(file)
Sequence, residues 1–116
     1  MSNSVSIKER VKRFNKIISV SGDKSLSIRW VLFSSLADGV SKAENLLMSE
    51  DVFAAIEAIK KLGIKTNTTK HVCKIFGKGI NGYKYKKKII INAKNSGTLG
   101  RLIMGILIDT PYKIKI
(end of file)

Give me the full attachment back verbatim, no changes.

Sequence, residues 1–116
     1  MSNSVSIKER VKRFNKIISV SGDKSLSIRW VLFSSLADGV SKAENLLMSE
    51  DVFAAIEAIK KLGIKTNTTK HVCKIFGKGI NGYKYKKKII INAKNSGTLG
   101  RLIMGILIDT PYKIKI